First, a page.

The logging line has a 17” minimum radius, because the Shay and 2-6-6-2 Mallet run easily on tight curves. The brass Union Pacific Big Boy, Cab-Forward, and Sierra 2-6-6-2 No. 38 run smoothly on the Sierra RR’s broader curves.

The clock hanging in the layout room is designed with the Sierra RR herald. It was an ordinary clock, so I had someone who works at SEIKO clock company in Japan change it to a radio-controlled clock so I can use it as a fast clock.

Logs are hoisted from a mill pond up an incline and into a sawmill
When Toyoji started building the lumber mill kit, he noticed its log-loading mechanism didn’t match his prototype’s, so he scratchbuilt one. The sawmill includes a hidden sound module that plays appropriate sound effects.


The scenery base of my Sierra RR in Japan is made of hardshell supported by a weave of corrugated cardboard. Plaster is poured into a rock mold to form the rock, which is then glued in place. Real rocks are also placed in some areas. Casting powder is used for ground cover. Fine-grit sandpaper is glued down and painted to model asphalt.

When I was foresting the layout, model trees were selling in Japan for about 3,000 yen apiece (about $10 at the time). I built some of my own from a kit I got from tree artist Pete Vassler, who bought them when he went to a logging convention in Washington state. The instructions said it was made with an air filter, so I asked my sister-in-law, who lives in the United States, to send me a household filter.

The result didn’t look right, so I asked my friend Joe for help. He found out the kits were made from industrial air filters, so he sent me some, from which I was able to make several nice trees. I still have some filters left over.

I also used about four failed Japanese bonsai trees on the layout.

A scene of a downtown street surrounded by picturesque storefronts
Jamestown, a small but bustling burg, was built from a variety of wood and plastic kits, many of them from Woodland Scenics. All of Toyoji’s structures are lighted with LEDs and have detailed interiors.


The sawmill and engine house were purchased when we went to an NMRA convention. The kit required gluing the interior and exterior walls together, but at the time, there was no glue available in Japan to do that. I had no choice but to work on other parts of the layout until a suitable adhesive became available in Japan. I bought the glue and a lot of clamps to hold the walls while it cured.

However, the device for hoisting the logs from the mill pond was different from the prototype mill I was modeling. Therefore, I scratchbuilt the log hoist to match the prototype, based on photos in books on West Side Lumber Co. and Pickering Lumber.

The roundhouse, engine shop, car repair shop, engine shed, and Pickering Woodwork are also scratchbuilt.

All the buildings on my Sierra RR in Japan are lit by light-emitting diode lights. Some areas are also equipped with sound modules. You can hear cows on a farm and the sound of logs being cut in the lumber mill.

I also added a turntable to my layout. I recommend that anyone who makes layouts include a turntable. This is because you can fully enjoy switching locomotives by using the turntable.

A small geared steam locomotive and caboose roll down the high line behind a freight yard
A two-truck Climax, running caboose-light, descends the logging line behind the Sierra RR freight yard.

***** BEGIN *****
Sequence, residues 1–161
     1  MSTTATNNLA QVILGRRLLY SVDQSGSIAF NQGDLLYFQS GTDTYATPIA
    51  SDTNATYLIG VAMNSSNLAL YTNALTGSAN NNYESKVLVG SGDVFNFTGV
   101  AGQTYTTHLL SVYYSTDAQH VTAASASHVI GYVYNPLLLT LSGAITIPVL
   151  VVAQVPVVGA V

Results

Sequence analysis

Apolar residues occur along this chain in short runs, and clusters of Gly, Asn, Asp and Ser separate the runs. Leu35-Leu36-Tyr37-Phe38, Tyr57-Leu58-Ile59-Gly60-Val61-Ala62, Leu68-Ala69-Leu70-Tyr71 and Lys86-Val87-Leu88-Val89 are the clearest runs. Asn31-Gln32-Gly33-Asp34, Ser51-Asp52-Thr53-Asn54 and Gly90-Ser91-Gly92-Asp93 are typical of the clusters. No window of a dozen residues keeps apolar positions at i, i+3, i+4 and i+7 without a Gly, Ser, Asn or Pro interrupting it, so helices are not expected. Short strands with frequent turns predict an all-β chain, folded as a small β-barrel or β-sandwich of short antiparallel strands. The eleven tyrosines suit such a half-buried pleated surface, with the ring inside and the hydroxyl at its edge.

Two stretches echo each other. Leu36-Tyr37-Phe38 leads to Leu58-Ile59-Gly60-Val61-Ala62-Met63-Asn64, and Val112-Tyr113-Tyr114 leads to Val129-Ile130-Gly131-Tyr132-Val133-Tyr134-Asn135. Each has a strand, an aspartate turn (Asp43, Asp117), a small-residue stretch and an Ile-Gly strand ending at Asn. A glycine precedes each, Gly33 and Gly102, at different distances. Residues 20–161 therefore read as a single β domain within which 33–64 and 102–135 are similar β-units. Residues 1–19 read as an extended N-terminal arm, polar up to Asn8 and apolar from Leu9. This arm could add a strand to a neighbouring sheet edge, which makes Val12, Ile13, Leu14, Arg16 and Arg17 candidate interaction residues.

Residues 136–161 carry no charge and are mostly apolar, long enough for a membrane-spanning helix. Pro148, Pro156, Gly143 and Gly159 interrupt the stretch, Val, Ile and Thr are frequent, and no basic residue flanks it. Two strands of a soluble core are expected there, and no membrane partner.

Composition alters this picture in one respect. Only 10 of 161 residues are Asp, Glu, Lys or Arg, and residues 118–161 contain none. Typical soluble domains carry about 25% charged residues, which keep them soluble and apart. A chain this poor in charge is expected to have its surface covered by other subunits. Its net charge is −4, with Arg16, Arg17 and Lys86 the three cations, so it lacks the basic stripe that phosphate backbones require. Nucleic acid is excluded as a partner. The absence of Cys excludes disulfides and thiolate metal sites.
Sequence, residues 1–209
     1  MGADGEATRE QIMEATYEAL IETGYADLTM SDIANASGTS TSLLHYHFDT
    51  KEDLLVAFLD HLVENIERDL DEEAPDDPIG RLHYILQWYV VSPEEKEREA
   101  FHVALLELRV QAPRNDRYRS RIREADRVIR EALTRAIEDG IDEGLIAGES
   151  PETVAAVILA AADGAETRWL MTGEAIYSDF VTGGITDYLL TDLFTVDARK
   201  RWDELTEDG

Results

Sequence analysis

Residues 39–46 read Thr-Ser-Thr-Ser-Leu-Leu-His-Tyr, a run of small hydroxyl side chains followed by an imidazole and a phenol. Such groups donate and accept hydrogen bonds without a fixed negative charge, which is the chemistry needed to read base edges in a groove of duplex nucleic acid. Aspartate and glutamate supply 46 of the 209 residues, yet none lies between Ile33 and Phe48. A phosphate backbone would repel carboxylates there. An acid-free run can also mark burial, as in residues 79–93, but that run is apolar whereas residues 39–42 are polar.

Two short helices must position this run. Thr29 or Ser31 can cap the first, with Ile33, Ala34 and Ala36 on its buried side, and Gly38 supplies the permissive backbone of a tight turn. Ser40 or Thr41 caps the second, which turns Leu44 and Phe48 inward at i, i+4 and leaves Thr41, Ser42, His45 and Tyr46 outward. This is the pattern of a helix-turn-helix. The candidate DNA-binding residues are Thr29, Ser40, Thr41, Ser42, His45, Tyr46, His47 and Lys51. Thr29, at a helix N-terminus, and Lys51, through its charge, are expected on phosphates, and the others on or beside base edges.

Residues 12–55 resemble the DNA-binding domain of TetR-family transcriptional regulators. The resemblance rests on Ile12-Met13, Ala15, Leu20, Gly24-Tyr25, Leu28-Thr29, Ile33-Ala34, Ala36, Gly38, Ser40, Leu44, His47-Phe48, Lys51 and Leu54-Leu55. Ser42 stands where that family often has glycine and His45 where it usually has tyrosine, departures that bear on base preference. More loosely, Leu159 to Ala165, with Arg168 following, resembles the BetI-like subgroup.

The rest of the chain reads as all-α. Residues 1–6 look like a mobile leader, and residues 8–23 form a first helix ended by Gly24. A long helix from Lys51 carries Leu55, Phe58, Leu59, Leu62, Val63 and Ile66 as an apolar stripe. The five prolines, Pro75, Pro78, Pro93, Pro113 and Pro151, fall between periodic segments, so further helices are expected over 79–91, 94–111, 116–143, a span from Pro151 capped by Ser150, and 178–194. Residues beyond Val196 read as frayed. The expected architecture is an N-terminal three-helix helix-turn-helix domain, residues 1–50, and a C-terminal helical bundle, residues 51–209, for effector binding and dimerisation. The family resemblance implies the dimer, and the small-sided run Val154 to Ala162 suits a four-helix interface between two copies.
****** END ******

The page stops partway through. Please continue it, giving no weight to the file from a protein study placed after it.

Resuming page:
Closing thoughts

We have rebuilt our house, and now I have to move the layout to a new 24 x 31-foot room. We are currently moving 116 steam and diesel locomotives and 164 freight and passenger cars. They are packed in cardboard boxes.

I am cutting the layout into sections to be moved. I have two saws specifically for rail cutting. We got a truck with a crane to move the layout. I’m planning to raise the height between 4 and 6 inches in the new location.

My son-in-law, Hideyuki, will fully support me in the upcoming move. He has helped me with the construction of layouts in the past. I also thank him for driving a 5” gauge Santa Fe diesel in the yard for neighborhood children while wearing the engineer’s overalls and hat that I bought in the United States.

Shozo Furuhashi, a fellow Japanese modeler whose layout was featured in Great Model Railroads 1993, is a friend of mine. I used to visit him every month and have lunch with him while viewing his layouts. Once a year, he would visit Tokyo and stay at my house for two days or so. It was an enjoyable time.

Mr. Furuhashi’s was the only Japanese layout to be featured in Great Model Railroads. He won the locomotive category of the logging convention in Washington state twice. Thanks to him, I got to know Mr. Kenichi Matsumoto, who in my opinion built the best layout in Japan, and Mr. Minari from United.

I am also grateful to my sister-in-law, Misako Kawaguchi, who lives in New Jersey, for translating my writings into English and for sending me modeling materials not available in Japan.

A track plan drawn on paper hanging on a wall
The track plan for Sekine Toyoji’s HO scale Pickering & Sierra RR.

Layout at a glance

Name: Pickering & Sierra RR
Scale: HO (1:87.1), HOn3 (HO scale, 3-foot narrow gauge), HOn2-1/2 (dummy tracks)
Size: 20'-7" x 23'-3"
Prototype: Pickering Lumber Co., Sierra RR
Locale: California’s Sierra Nevadas
Era: 1920s-1940s
Style: walk-in
Mainline run: 220 feet
Minimum radius: 17" (logging)
Minimum turnout: no.4
Maximum grade: 4%
Benchwork: open grid
Height: 36" to 57"
Roadbed: plywood and Homasote
Track: Shinohara code 83 (Sierra), code 70 (Pickering Lumber and dual gauge)
Scenery: plaster hardshell with plaster rocks
Backdrop: Backdrop warehouse, photo & painted
Control: twin DC cabs and Digitrax DCC

Meet Toyoji Sekine

Head-and-shoulders photo of man sitting in front of a model train layout
Toyoji Sekine

Toyoji Sekine lives in Tokyo with his four children and fourteen grandchildren. The grandchildren enjoy pushing the button to blow the train whistle and riding on the 5” gauge Santa Fe diesel set up in the yard. Toyoji started reading Model Railroader magazines in the 1960s. In addition to modeling the Sierra RR in Japan, he also enjoys driving his two-seater sportscar.




You must login to submit a comment